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How uncertainty about Russia’s invasion of Ukraine is making financial markets more volatile

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Traders work on the floor of the New York Stock Exchange (NYSE) on March 16, 2022 in New York City. Spencer Platt/Getty Images

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The daily ups and downs of financial markets tell us what bets market participants are placing on the future. But right now, markets are dealing with a lot of uncertainty caused by Russia’s invasion of Ukraine – and they are reacting accordingly.

One key question for investors is what will happen if Russia’s invasion escalates.

In addition to the devastating human toll, “that certainly could impose an economic hardship, certainly across Europe to a greater extent than it already has,” said Mark Luschini, chief investment strategist at Janney. “And even on a more global basis.”

What if Russia’s invasion pushes oil prices even higher? What about wheat prices? What if that makes inflation even worse? And what if that drags down the global economy?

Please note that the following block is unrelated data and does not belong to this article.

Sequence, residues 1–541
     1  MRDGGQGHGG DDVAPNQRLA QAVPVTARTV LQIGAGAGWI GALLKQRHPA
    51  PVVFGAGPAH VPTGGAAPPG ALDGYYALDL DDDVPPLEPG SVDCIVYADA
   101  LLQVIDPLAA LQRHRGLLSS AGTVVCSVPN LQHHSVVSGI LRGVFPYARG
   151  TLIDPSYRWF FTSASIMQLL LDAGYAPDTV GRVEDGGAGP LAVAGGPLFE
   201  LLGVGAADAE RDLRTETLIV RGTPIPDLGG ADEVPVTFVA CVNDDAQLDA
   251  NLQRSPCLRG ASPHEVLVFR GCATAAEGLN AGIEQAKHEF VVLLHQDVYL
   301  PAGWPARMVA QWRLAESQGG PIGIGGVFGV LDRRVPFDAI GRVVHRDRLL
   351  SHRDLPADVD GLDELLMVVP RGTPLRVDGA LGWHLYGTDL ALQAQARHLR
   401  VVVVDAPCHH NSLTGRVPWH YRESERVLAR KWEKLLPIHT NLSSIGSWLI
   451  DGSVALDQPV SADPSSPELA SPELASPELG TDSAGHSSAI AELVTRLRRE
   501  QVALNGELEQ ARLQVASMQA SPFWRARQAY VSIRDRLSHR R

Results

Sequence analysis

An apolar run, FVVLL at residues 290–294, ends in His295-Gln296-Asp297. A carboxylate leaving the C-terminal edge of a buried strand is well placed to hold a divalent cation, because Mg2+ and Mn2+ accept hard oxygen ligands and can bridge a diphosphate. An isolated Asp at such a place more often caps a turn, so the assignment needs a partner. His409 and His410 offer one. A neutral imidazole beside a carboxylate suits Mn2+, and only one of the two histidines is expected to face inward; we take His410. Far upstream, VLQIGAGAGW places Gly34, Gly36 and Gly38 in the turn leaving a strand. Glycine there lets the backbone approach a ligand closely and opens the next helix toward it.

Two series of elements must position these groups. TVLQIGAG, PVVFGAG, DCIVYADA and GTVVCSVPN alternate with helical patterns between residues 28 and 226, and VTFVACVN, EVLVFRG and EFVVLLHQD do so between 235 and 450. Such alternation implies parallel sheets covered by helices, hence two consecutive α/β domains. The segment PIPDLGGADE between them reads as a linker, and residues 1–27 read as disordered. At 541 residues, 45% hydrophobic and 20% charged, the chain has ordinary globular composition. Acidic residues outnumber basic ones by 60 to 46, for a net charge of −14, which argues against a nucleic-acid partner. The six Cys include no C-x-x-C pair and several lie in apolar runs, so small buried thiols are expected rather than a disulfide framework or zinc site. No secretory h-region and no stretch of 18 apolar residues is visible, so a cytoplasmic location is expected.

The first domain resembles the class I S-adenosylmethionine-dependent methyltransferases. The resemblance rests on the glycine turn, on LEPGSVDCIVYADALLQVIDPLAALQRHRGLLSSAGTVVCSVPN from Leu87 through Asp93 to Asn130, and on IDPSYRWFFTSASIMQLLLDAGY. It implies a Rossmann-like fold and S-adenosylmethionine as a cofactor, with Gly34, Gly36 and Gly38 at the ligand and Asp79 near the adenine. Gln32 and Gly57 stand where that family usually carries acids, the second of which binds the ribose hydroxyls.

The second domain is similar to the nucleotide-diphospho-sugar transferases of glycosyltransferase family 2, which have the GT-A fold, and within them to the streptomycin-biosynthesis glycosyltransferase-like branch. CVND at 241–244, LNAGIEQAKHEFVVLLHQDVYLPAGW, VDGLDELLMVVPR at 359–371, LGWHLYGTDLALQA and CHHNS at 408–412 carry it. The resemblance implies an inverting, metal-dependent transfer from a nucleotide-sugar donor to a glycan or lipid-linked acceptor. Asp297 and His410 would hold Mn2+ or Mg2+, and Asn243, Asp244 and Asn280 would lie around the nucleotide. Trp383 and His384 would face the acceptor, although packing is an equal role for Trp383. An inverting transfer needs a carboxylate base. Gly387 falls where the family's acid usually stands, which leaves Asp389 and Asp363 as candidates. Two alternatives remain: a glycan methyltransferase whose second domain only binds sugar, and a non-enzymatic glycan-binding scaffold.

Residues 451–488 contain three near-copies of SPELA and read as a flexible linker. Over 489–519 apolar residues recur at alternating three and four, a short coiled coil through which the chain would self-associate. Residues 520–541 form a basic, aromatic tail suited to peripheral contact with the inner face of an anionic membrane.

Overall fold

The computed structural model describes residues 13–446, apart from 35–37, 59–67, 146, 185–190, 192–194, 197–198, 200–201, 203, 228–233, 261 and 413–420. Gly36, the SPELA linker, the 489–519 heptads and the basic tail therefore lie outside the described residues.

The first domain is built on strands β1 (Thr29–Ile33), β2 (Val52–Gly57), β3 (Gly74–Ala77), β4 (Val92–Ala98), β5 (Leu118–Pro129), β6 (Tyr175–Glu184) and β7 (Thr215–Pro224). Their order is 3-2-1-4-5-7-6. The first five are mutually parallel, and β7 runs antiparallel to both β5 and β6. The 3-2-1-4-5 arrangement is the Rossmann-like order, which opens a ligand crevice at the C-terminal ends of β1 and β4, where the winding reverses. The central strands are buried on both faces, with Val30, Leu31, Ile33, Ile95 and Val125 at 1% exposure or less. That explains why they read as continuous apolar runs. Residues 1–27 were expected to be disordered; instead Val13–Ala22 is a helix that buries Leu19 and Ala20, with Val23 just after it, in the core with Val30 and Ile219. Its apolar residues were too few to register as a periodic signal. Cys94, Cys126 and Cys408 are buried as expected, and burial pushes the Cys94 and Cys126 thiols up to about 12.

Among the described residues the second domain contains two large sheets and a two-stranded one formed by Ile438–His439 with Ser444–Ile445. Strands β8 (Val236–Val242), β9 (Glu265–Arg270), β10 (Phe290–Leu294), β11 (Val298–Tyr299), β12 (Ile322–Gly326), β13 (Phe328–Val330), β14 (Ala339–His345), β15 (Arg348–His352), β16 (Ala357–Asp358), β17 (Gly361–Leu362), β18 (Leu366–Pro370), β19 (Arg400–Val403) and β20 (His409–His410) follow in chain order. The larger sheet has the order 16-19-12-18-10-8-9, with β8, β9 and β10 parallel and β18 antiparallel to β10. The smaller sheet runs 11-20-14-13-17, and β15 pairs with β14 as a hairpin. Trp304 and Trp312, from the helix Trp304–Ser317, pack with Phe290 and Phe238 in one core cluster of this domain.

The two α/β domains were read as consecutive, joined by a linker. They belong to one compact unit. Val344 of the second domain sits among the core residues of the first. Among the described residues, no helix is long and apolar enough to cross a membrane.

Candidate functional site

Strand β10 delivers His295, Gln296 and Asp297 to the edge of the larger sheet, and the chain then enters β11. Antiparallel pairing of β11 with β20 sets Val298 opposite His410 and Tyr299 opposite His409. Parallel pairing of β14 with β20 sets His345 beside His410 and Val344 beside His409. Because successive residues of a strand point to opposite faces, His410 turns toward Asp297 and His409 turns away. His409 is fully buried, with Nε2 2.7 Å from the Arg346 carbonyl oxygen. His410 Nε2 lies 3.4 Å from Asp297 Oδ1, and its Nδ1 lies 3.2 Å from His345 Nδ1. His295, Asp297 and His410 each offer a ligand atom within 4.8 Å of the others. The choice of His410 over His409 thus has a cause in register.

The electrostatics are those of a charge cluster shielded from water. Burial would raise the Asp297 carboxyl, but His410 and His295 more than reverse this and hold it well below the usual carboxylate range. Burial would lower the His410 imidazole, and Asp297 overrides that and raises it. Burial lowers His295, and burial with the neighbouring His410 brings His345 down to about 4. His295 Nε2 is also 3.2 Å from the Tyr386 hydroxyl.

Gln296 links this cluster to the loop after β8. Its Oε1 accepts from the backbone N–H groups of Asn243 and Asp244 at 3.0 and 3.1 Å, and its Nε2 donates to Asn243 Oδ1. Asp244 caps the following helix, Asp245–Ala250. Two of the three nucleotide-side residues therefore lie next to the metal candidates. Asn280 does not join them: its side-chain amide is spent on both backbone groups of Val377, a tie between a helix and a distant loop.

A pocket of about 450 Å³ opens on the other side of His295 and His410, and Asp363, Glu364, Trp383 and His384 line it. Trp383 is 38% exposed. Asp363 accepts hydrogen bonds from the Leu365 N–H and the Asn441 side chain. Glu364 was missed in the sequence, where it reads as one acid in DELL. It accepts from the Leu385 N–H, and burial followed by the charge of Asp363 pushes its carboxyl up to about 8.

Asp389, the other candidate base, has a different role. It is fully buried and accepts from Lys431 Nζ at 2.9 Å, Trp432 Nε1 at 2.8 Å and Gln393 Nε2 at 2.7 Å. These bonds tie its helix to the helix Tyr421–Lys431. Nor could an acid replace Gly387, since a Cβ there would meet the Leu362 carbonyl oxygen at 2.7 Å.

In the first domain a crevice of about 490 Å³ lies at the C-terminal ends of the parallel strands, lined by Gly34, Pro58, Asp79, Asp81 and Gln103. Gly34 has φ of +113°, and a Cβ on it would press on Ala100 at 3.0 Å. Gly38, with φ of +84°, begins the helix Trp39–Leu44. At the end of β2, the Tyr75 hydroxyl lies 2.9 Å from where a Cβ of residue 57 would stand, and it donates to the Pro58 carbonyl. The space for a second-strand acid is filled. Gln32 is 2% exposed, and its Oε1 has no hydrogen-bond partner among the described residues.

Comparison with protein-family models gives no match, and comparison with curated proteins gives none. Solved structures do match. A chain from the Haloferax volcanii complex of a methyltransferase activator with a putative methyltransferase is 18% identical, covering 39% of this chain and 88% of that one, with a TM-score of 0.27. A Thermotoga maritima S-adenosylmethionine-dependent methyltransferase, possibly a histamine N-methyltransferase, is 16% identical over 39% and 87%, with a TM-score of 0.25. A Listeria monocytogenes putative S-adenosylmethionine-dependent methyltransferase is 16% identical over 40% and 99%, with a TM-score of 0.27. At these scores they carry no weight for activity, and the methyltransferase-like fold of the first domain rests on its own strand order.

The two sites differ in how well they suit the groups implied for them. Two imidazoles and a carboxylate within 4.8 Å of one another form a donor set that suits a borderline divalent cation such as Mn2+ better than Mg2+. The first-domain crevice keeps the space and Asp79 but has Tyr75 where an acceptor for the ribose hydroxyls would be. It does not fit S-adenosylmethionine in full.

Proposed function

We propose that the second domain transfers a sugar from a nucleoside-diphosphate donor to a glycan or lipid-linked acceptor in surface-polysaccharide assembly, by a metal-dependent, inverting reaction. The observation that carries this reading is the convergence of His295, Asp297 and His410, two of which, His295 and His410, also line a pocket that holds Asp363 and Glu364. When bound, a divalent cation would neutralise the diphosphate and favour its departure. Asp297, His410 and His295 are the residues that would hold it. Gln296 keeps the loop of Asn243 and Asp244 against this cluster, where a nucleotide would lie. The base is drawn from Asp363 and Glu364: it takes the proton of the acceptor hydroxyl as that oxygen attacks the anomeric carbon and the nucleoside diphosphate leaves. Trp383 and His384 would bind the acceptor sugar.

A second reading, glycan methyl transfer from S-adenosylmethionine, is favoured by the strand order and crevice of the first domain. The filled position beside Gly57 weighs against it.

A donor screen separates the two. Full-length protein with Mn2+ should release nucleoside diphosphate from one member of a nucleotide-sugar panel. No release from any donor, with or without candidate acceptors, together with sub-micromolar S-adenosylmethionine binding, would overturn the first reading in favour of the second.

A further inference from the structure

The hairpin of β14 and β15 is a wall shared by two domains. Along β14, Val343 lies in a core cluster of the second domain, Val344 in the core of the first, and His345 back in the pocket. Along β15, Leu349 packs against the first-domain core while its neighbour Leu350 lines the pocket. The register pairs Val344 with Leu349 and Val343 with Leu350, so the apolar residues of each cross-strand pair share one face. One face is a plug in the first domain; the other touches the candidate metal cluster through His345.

“The margin for error, given the amount of things that are sort of worrying investors at the moment, is quite wide,” Luschini said.

While investors can bet based on their hunches about the future, the market as a whole is reacting to what’s happening now.

“There’s a lot of stuff happening,” said Ian Dew-Becker, a finance professor at Northwestern University. “Every day [Russia’s invasion] goes on, we learn a little bit, right? It lasts at least one day longer. And so it’s the learning, that causes prices to move.”

And lately, stock prices have been moving a lot, up and down.

Dew-Becker said that kind of market volatility means that there’s a lot going on that’s changing investors’ minds.

“We don’t know,” he said. “So some days we get good news. Some people are less pessimistic, but certainly something bad could happen tomorrow, and that could bring prices back down.”

People usually don’t like not knowing. Investors typically react to volatility by moving money into assets they see as safer, said Winnie Cisar, global head of strategy at CreditSights.

“Things like U.S. treasury markets, investment grade corporate credit,” she said.

That strategy happened at the outset of the invasion. But Cisar said treasury and corporate bond markets have been getting more volatile, too.

“And what we’re actually observing, is that investors are parking their cash in cash. In money market funds,” Cisar said. “The places where they’re guaranteed not to actually lose anything because of market volatility.”

Cisar said that’s probably going to continue until investors get back to feeling comfortable putting their money at risk.

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